Brahimi’s departure is to a large extent a consequence of President Bashar Assad’s decision to stand again for the presidency in June, which undermines efforts to negotiate a transition in Syria.
But beyond what it means for a negotiated settlement in Syria, Assad’s decision to seek re-election poses a more profound question. In the highly unlikely event that the Syrian president can defeat the uprising against his rule, on what foundations might he build a postwar Syria?
Bashar pretty much destroyed what his father spent decades building up, and now he promises to come back for more.
Bashar seems unperturbed by this, and there are other examples to encourage him in this attitude.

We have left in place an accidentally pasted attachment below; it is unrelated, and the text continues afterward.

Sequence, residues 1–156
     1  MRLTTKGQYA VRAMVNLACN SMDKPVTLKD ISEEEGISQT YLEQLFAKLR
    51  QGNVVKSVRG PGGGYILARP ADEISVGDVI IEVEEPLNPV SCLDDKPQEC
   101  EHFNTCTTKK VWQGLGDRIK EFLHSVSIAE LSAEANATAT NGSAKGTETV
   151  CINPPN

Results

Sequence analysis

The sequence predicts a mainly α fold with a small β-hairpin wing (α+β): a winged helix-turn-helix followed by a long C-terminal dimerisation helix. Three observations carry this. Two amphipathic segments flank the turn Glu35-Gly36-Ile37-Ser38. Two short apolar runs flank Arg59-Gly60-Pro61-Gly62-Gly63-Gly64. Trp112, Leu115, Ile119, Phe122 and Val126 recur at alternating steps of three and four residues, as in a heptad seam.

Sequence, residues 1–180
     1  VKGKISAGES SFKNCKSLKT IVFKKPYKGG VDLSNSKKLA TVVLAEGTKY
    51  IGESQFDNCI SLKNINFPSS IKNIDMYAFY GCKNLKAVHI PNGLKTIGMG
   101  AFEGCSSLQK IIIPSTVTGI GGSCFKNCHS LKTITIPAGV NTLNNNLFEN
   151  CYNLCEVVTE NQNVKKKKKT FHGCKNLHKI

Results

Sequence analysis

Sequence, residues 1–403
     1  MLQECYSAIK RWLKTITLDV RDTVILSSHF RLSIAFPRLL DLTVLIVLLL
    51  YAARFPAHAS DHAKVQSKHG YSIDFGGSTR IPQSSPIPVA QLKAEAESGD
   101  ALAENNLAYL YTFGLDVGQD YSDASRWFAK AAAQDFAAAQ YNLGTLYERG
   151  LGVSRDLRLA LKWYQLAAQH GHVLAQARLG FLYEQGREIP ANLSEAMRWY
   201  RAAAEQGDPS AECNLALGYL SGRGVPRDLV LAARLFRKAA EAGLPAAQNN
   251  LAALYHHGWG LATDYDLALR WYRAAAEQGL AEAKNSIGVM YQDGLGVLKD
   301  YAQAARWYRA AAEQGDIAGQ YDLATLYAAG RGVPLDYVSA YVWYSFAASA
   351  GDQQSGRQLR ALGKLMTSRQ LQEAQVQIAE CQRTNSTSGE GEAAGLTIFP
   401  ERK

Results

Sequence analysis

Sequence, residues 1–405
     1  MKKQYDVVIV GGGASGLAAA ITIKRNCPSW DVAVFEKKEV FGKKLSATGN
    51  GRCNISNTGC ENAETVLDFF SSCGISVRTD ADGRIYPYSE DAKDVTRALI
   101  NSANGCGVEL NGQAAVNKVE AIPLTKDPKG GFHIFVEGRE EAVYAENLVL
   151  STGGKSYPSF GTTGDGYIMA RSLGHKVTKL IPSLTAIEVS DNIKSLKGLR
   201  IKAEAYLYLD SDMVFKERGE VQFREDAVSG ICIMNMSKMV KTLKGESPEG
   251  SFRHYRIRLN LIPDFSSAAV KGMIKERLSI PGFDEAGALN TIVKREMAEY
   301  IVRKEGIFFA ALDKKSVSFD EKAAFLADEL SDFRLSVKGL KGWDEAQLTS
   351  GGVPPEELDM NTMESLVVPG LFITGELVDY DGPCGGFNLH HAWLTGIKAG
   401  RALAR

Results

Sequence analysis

Those countries that have bolstered Bashar, Iran and Russia above all, must be aware that keeping the Syrian president in power is only the first stage.
A Greater Syria scheme sounds preposterous when Bashar has alienated a substantial portion of his population, and all that is left is a regime upholding sectarianism and supported principally by Syria’s minorities.
The Assad regime offers desolation to Syrian society.
Read more: http://www.dailystar.com.lb/Opinion/Columnist/2014/May-15/256456-which-foundations-for-postwar-syria.ashx#ixzz31lQXW9oy
(The Daily Star :: Lebanon News :: http://www.dailystar.com.lb)